Sunday, July 29, 2012

The just exchange their messages; Cameras unobscura; A muscled beam; Farmers market revisited; Keys found

l'attention de mes amis:

This little light of mine

In 2006 our brother Les sent us a planter of hardy greens
following our year's hospitalization with heart trouble.
Since then we have kept some of those plants alive
including this Peace Plant which here at 
the Odd Fellows hall
continues to thrive and occasionally show its
appreciation by throwing out blossoms.

It is in bloom at present.  The flowers
resemble little Jack-In-The-Pulpits.
Once there, they last for weeks.
The full-leaved house-ified plamt
requires little direct light to thrive.

We don't know if Les researched
just how much of a good omen this
green growth really is. But
we certainly appreciate the thought.

The pictures of it herein were taken
by the Nikon F6000 digital camera
Les also gave us for a not un-recent birthday,
and the SRN archival photo records show that.

The two pictures immediately above were taken with the LC cell cam.





Per a recent article in the local newspaper, the Huelsmans of Berg Management Co.. major owners of numerous downtown properties including the  now vacated antiques stores and their parking spaces adjacent to the Riverwalk, are acclimating farmers market shoppers to the awareness that the property has parking value, this ahead perhaps of a convention center proposed for the site.

Berg is allowing charitable organizations such as high school cheerleaders to collect the reasonable sum of one dollar for the right to park near the river market, and keep the money.

Die-hard shoppers, a few, have had trouble swallowing this tiny pill.  Remarks like"Hey, we've never had to pay to park there before!" will fade, as realizations hit home that $1 is not much when bags of produce at the end of a spree total much more in cost.

The Raccoon hears a distant Chinese saying:



has splendid apple turnovers and dumplings.  The flaky pastry Is evidenced above.
Their walnut sticky buns are also highly recommended by the Raccoon.  Find their booth at the intersection of Friedman Dr. and the River parking lot.  Lots of great baked goods!

Set up across from them today was singer Becca Richter of Waukesha.  A lovely voice, a comely young lady stood at a mike and serenaded the passing and often lingering market shoppers and people watchers.

While Becca sang,

a portly man sat next to me, studying Becca and eating bakery from the Apple Hollow booth next to where we were.  All of this happens in a trice; the scene changes before one's eyes like flowing magic.

A nun got some cheese curds at another stand near songstress. Becca.  A guitar case near Becca was open for donations, with a note that Becca was earning funds for college in Mobile, Alabama.  Her card is attached for more info:

We venture we'll be hearing more of her. We think it might have been her proud parents sitting at a distance behind her.  They had her back.


Here's a little something we saw at the market near the Asian food booth that we would have bought in a trice, in a former day.  $40, the price, would have been nothing.  
"Ce n'est nien." 

Two fried eggs and 'cross-bones' of bacon, a glass plate creation by one of the many market artist exhibitors.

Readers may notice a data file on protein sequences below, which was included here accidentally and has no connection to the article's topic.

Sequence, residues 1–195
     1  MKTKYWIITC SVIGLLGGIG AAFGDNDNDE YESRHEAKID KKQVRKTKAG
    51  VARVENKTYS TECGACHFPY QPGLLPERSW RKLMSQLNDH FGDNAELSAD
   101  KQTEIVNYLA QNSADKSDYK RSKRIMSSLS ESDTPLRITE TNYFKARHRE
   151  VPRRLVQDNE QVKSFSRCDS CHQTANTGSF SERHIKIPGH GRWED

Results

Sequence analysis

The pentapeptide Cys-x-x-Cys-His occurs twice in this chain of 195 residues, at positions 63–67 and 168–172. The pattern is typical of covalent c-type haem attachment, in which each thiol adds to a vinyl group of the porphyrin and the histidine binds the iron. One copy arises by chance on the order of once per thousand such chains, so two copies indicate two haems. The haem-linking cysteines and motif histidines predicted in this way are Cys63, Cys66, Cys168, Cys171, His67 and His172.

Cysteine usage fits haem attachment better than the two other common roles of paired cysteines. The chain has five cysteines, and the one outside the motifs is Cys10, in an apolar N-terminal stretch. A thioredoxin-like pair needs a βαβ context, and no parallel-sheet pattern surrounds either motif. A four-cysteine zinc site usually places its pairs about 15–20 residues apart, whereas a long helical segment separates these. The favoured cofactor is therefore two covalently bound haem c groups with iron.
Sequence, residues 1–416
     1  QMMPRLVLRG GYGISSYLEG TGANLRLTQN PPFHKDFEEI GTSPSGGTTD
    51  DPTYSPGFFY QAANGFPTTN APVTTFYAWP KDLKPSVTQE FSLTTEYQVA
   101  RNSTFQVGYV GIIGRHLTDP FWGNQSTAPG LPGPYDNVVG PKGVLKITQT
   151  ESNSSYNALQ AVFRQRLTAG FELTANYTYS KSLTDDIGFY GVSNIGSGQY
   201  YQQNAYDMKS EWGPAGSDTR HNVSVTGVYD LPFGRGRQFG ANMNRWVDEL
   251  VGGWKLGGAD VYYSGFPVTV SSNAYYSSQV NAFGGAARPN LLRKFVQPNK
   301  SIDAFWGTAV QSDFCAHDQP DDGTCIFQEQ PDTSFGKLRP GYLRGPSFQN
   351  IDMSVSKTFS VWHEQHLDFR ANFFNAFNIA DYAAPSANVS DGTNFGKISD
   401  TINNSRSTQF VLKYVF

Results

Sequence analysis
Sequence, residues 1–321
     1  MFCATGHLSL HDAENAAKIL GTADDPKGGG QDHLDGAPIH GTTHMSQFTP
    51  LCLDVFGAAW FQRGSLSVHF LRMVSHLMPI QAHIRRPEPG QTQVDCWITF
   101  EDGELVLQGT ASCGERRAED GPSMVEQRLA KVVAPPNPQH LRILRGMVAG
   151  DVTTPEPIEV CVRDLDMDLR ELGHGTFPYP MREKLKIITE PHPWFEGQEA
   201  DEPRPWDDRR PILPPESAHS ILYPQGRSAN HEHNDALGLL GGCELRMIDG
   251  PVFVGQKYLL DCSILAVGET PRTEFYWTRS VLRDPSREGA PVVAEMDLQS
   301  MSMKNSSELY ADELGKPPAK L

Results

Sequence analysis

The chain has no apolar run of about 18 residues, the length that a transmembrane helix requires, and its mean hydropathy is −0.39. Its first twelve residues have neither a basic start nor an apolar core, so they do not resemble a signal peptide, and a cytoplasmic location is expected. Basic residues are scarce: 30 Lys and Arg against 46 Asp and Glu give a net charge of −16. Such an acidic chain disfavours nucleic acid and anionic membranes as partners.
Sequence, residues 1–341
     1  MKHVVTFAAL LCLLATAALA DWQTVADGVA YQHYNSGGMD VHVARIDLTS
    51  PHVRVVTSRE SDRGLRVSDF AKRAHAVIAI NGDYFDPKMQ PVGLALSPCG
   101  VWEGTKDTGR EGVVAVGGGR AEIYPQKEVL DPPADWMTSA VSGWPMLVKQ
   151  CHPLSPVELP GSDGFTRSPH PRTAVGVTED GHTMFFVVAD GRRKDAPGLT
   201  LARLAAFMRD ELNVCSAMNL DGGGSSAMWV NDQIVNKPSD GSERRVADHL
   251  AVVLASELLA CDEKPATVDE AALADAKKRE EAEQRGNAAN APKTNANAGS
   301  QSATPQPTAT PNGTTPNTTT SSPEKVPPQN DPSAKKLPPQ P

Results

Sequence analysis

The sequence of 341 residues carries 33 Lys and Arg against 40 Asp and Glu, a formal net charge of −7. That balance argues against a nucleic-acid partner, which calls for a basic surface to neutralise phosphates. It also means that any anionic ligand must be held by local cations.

Coming back over the Love Memorial bridge we placed our ghost walking stick over the railing and shot the river and some of the new booths expanding on the north side of the Riverwalk.

The stick was crafted in the hills of Kentucky years ago and bought at Berea College.  The ghost's arms are truncated natural protrusions from the wood shaft.

In walking home to our loft in the Odd Fellow hall, one block from the market, we noted that the downtown churning, swiftly-flowing vortex of commerce is continuing  its dynamic.  Three of the Five Points are presently vacant, leading us to reflect:

if the Five Points sites, three of them, are vacant,
is the cup 3/5 empty, or 2/5 full?

Fear not, everyone knows the downtown is vibrantly changing for the better, oasis mirages in a desert, and there are determined people striving nearly 24/7 to find suitable tenants for the bank building, above left, and the vacated boutique across from there, and the long-dormant Clark Hotel Restaurant across from that.

  One's but to stand by! It is a matter of time!




Backtracking, they were to be found nowhere.  Fortunately, we had the Roundys key-ring attachment.  The kind where if somebody finds your keys they are to just drop them in a mailbox
and Roundys, for whom you are carrying advertising, promises to return them.

This very day a small manila envelope came from Roundys, and in it were the lost keys!
Thanks to the honest person who took the time to mail them.
And thanks to Roundys Pick n Save!

(more advertising than they bargained for)

Sunday, July 22, 2012

Here's lookin' at you, kid; Dawn landings; Come rain or come shine

This is what Dee and I see when we open our eyes in bed.

In the current heat wave
the unshaded skylight high over
our bed throws a bit too much warm sunlight
 upon us

so we strung a small rope 
between the painted ladder
and the loft landing shelf
and suspended the beach umbrella
with the carved Yibawean handle
over the bed, thus shading us.

"Hey, Dee,
hey David,
What's Up?  Zapnin?"

The umbrella hails from another incarnation
when the YIBAWEAN SOCIETY was born
in 1987
on Arcadian Ave, Waukesha
Yes, I'm Bald And What Else?